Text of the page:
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The Baltimore Sun


Editor, critic and poet

Hayden Carruth, an editor, critic and poet who earned recognition late in his 50-year writing career for powerful work that explored the struggles, loves and desires of people who made their living with their hands, as he did for two decades, died Monday at his home in the small central New York town of Munnsville after a series of strokes.

Called a poet's poet for his technical mastery of forms from the sonnet to free verse, he wrote more than 20 books of poetry and prose, much of which emanated from the hardscrabble Vermont farm where he lived for 20 years.

In 1996 when he was 75, he won the National Book Award for Poetry for his collection Scrambled Eggs and Whiskey. It was arguably the most prestigious prize among many that he received since publishing his first volume of poems in 1959. But it was bestowed without the excessively shy Mr. Carruth, who did not attend the ceremony.

He was an outsider in most respects: a self-proclaimed anarchist, who wrote unflatteringly of his family; an alcoholic who suffered from paralyzing phobias; a poet who lived on a hill farm far removed from the literary mainstream.

"Hayden Carruth is vast; he contains multitudes," poet David Barber once wrote. "Of the august order of American poets born in the Twenties, he is undoubtedly the most difficult to reconcile to the convenient branches of classification and affiliation, odd man out in any tidy scheme of influence and descent."

Born on Aug. 3, 1921, in Waterbury, Conn., where his father was a newspaper editor, he studied journalism at the University of North Carolina, earning a bachelor's degree in 1943. After serving in Italy with the Army during World War II, he used the GI Bill to further his education at the University of Chicago. There he discovered that poetry was his true calling.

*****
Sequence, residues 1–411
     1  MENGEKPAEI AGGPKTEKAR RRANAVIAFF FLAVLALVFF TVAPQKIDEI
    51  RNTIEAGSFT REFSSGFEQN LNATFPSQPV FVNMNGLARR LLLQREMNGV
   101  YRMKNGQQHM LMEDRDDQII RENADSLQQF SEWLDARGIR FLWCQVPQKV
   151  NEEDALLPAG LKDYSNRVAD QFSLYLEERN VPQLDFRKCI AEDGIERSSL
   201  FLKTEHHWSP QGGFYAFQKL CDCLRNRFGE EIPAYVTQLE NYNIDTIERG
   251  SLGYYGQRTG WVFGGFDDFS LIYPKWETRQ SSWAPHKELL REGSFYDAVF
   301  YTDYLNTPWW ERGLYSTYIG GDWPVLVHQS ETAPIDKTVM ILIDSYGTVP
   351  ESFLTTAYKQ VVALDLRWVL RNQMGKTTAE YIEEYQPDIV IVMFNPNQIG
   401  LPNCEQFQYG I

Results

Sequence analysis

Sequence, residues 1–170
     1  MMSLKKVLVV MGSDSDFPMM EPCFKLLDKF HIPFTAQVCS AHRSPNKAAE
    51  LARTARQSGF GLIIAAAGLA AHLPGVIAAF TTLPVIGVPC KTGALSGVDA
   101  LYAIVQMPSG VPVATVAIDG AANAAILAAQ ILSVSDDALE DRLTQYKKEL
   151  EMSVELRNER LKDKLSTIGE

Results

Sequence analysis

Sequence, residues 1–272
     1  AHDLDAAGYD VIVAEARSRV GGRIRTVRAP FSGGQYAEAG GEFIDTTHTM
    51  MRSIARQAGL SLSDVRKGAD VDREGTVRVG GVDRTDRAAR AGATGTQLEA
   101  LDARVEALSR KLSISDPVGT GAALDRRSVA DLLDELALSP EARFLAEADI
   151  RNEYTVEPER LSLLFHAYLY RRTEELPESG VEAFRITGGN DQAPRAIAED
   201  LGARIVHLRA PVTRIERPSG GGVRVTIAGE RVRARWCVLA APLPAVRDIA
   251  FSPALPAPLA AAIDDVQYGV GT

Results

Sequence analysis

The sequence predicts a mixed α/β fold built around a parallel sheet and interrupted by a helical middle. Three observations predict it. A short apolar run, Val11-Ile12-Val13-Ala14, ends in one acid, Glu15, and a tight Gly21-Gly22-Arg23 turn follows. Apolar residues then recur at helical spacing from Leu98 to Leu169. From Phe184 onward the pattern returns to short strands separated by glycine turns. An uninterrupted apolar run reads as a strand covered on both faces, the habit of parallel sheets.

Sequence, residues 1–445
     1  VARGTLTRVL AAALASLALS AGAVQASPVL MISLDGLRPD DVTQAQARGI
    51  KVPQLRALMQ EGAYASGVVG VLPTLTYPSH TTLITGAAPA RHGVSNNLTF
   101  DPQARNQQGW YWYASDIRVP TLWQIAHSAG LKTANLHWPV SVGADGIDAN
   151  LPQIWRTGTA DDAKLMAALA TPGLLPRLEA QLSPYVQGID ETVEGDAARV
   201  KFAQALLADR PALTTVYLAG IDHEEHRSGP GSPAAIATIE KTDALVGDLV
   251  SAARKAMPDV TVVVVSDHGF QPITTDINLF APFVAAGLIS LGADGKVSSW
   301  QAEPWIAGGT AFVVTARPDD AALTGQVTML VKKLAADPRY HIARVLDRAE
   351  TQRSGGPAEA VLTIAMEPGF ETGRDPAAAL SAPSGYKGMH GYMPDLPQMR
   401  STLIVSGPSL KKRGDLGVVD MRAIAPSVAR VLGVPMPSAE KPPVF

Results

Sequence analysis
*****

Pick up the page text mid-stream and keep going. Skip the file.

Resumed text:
After earning a master's in Chicago in 1948, he went to work for Poetry magazine, which had published some of his poems. He became its editor in 1950 and wrote a controversial defense of Ezra Pound, the modernist poet charged with treason for his pro-Fascist views.

A short time later, he lost his job. Then his first wife left him, taking with her their newborn daughter.

He found a new job, at the University of Chicago Press, and he remarried.

In 1961, he married for the third time and with his new wife, Rose Marie Dorn, had a son, David. Because he still said that he "couldn't function in a social situation," they moved to a farm in Johnson, Vt., about 25 miles from the Canadian border, where he worked outdoors everyday, chopping wood, digging potatoes and cutting hay.

When he wasn't toiling on his own farm, he was working for his equally poor neighbors. And way past midnight, when the chores were done, he wrote about them, in poems tightly packed with the details of their daily struggles.

When he no longer could make ends meet, Mr. Carruth reluctantly accepted a job teaching English at Syracuse University in 1979. He taught there for a dozen years, near the end of which - after a romantic flameout in 1988 - he tried to kill himself by taking every pill in his possession.

During his recovery, he was cared for by poet Joe-Anne McLaughlin, 30 years his junior, who had met him as a student. After friendship deepened into romance, they were married in 1989.

She survives him, along with his son and three grandchildren.

He wrote and published well into his ninth decade, despite having emphysema, a heart condition and strokes.

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